By Kevin Hodgson
Disney is seeking to bridge the story gaps between its two Tron movies with this graphic novel, TRON: BETRAYAL. My gut instinct was to resist the hype, but I have to say that this story stood up fine on its own, for the most part. This graphic novel by writer Jai Nitz is touted as a prequel to the movie, Tron: Legacy, and is designed to show how the virtual world moved forward with advancements and then started to fall apart when new elements were randomly introduced (through the computer-created species of Isomorphs). The world's “creator,” Kevin Flynn (played by actor Jeff Bridges in the movie), is caught between the stresses of his real world (where the birth of his son, Sam, is balanced by the unfortunate death of his wife) and the world of the virtual reality Grid, where the designed order of the world is being threatened by chaos.
There are times when the story veered off on strange tangents, and I was scratching my head here and there, but I was thankful for a narrative trope that really worked: an ongoing comparison of the virtual world to Rome, which rose and then fell with similar brilliance. TRON: BETRAYAL works best for readers with some knowledge of the first Tron movie, but that's not necessary. If you can envision a world inside your computer that has its own rules and structure, then TRON: BETRAYAL is sure to engage you as a reader.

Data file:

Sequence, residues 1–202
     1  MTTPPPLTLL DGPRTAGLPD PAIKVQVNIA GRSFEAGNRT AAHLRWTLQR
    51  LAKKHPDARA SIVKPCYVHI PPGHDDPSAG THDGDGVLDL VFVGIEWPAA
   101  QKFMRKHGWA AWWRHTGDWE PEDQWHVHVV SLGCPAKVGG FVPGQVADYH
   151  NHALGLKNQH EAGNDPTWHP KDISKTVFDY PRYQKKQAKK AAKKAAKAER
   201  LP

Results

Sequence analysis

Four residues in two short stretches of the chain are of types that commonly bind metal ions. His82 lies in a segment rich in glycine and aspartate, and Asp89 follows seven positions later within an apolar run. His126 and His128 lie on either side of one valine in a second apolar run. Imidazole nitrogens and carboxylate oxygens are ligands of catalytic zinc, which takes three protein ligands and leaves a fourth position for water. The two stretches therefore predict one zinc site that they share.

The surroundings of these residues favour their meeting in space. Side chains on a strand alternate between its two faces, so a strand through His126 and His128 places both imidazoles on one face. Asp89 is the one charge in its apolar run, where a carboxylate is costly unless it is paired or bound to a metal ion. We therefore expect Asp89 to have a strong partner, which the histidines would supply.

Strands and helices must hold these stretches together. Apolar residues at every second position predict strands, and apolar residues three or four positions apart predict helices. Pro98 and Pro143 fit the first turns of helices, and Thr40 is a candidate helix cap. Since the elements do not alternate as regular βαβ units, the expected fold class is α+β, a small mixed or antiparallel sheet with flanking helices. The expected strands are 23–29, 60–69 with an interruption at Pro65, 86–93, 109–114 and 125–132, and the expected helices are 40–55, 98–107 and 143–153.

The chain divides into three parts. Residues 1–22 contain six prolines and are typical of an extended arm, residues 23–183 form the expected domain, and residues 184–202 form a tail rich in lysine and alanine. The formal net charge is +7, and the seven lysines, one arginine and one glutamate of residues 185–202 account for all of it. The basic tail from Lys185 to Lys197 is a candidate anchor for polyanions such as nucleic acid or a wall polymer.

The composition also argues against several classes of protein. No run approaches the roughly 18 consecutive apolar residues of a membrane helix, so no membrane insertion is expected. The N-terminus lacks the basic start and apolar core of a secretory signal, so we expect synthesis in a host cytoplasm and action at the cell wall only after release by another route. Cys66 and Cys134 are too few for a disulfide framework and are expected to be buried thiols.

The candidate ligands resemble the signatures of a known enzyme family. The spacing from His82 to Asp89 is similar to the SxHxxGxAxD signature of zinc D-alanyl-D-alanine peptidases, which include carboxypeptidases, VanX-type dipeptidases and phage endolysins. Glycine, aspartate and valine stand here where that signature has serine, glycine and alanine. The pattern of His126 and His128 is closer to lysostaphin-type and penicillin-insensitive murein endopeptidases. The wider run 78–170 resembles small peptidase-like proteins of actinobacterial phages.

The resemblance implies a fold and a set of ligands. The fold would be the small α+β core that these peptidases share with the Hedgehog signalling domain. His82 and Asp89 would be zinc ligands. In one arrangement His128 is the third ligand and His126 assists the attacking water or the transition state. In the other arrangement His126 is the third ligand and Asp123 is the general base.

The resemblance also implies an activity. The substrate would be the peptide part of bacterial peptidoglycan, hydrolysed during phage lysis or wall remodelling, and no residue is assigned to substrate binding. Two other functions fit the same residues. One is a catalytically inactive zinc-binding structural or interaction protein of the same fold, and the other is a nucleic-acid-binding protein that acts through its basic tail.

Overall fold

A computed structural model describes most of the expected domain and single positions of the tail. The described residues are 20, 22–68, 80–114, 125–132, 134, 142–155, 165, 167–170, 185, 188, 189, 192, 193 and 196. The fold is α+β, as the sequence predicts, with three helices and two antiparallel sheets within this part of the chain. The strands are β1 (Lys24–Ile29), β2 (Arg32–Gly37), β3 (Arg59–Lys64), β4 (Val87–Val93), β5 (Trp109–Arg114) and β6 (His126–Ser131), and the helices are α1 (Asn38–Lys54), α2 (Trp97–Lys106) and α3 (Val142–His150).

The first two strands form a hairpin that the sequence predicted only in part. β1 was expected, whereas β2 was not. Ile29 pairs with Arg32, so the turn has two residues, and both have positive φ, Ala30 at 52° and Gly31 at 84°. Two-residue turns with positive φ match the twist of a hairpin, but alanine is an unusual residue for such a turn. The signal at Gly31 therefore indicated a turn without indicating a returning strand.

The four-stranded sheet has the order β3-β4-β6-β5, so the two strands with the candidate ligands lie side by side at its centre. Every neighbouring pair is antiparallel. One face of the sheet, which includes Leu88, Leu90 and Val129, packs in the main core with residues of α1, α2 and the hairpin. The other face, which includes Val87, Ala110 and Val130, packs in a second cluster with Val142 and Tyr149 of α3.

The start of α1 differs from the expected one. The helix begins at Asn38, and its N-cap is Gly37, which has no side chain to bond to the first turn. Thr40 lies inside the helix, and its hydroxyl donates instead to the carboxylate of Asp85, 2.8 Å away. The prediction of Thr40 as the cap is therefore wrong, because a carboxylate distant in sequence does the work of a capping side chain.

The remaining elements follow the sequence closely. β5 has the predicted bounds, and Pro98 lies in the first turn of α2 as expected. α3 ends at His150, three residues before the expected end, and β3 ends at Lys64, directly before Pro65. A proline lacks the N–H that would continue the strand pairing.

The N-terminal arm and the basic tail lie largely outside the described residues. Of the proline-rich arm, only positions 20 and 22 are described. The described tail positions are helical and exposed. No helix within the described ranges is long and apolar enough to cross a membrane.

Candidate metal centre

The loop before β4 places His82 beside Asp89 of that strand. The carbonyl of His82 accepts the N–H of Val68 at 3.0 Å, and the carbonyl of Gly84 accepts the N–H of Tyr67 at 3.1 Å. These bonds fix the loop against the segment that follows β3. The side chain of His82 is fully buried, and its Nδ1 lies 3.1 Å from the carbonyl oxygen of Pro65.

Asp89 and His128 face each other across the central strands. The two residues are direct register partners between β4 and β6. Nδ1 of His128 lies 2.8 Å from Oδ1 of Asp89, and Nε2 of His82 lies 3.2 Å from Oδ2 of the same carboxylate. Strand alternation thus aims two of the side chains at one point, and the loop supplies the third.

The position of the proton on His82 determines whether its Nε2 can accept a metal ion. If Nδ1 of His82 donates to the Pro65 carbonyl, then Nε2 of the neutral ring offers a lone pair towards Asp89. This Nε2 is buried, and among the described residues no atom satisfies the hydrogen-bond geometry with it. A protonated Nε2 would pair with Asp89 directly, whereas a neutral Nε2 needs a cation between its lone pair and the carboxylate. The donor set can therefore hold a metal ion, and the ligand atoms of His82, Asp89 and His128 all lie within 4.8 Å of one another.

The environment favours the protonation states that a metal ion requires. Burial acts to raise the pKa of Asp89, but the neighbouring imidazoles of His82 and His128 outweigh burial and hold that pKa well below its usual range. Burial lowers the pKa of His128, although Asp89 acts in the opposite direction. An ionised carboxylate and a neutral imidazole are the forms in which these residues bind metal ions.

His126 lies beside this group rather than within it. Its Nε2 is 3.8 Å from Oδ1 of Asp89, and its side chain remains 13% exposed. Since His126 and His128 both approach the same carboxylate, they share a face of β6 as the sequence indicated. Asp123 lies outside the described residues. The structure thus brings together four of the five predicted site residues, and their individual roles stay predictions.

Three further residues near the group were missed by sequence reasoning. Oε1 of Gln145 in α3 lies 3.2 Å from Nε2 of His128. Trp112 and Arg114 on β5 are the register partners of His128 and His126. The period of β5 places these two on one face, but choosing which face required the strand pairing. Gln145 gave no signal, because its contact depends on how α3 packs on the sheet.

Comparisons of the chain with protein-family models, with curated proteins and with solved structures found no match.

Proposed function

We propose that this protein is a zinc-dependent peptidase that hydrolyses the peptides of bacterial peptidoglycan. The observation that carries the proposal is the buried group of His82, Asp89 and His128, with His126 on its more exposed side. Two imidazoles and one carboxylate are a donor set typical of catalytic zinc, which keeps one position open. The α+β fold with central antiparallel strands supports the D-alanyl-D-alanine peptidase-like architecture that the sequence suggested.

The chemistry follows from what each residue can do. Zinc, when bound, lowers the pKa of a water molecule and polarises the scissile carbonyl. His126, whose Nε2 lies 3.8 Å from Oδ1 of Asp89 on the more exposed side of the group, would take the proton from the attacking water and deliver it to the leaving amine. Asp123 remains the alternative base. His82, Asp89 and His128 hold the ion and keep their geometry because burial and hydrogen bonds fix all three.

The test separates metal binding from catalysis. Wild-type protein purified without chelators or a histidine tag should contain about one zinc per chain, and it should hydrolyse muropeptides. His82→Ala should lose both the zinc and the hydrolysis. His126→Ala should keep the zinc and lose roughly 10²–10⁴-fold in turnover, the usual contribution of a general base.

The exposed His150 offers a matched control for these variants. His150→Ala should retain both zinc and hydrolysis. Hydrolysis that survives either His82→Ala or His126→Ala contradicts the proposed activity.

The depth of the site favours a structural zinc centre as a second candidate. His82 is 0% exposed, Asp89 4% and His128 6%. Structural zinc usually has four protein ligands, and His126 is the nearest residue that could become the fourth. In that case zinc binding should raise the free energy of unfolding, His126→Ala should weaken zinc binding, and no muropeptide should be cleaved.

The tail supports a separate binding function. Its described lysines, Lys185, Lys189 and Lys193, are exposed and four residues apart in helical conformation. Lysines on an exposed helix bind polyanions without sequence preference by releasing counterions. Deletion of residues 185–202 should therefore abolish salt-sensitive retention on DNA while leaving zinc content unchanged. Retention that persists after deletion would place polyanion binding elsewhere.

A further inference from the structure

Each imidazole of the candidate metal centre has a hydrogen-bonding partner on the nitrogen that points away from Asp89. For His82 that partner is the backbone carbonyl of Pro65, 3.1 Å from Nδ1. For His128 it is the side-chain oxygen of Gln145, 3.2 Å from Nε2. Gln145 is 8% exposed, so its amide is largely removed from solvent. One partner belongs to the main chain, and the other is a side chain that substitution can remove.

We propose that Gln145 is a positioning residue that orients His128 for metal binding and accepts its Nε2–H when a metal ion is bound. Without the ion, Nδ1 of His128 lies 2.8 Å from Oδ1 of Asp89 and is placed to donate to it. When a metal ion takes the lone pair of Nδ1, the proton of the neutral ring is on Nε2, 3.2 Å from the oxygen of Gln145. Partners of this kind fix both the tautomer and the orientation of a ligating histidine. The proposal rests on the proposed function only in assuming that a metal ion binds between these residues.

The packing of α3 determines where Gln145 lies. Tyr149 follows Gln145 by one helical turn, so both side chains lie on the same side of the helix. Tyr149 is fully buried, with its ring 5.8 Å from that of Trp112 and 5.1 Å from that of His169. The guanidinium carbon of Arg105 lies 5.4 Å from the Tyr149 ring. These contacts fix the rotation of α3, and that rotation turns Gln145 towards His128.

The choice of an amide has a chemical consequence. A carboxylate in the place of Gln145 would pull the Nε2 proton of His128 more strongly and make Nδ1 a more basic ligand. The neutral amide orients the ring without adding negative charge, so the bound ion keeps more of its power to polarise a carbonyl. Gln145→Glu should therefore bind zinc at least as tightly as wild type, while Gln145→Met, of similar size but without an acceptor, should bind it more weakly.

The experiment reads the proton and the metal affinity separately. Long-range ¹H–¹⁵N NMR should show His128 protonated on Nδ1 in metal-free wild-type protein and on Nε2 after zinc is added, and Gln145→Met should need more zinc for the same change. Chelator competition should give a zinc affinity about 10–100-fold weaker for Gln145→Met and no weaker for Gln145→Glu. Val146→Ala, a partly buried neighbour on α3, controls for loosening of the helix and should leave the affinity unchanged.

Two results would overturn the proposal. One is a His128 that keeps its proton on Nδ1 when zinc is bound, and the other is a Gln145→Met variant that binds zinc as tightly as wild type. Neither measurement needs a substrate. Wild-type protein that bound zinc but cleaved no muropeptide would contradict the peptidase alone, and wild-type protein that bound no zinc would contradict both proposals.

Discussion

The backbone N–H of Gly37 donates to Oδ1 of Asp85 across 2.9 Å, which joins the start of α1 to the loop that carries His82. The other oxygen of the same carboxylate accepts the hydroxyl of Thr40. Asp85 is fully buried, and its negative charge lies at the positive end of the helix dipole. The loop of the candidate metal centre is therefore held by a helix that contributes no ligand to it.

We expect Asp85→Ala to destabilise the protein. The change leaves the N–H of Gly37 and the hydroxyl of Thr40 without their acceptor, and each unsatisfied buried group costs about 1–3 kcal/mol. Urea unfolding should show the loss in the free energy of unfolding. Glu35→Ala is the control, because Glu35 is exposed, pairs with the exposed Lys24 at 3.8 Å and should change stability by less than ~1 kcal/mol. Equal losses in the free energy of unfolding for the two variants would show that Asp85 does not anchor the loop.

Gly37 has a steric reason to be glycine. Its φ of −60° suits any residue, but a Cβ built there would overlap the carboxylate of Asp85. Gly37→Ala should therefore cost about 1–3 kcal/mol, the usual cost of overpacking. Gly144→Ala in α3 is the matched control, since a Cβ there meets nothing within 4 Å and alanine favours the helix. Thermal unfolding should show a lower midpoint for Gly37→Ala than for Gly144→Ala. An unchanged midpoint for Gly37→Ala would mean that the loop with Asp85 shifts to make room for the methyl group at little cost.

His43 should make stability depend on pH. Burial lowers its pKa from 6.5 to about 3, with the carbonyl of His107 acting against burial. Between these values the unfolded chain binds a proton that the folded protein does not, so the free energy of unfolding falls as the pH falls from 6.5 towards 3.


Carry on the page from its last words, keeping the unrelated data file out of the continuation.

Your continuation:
I thought the art here in TRON: BETRAYAL was engaging, as artist Andie Tong really uses dark blue hues and bright whites, and angled frames to show us the virtual world that Kevin Flynn has created, and which he returns to when he can. The scenes of the games being played in the virtual world, while visually delightful, were all too often too confusing for me to follow, as they often arrived on a page with little context. I cared less about the games in the Grid, and more about the personalities of power playing out in the virtual world.
IN THE CLASSROOM
There are going to be those geeky kids who will eat up any and all version Tron, including this book, and there will be those who won't have anything to do with it. This book is for the former, for sure. I do find it interesting that the story of virtual worlds and video gaming coincide here, and an interesting discussion might revolve around how far technology has taken us and where it is going.
Reading level: Ages 9-12
Reading level: Ages 9-12
Pages: 128 pages
Publisher: Disney Press
I recommend this book but, honestly, it is for a select audience. I imagine high school students (OK, boys) will be the likely audience for this story. The narrative device of moving from real to virtual worlds may be too confusing for middle school readers, and most certainly will be difficult reading for elementary students.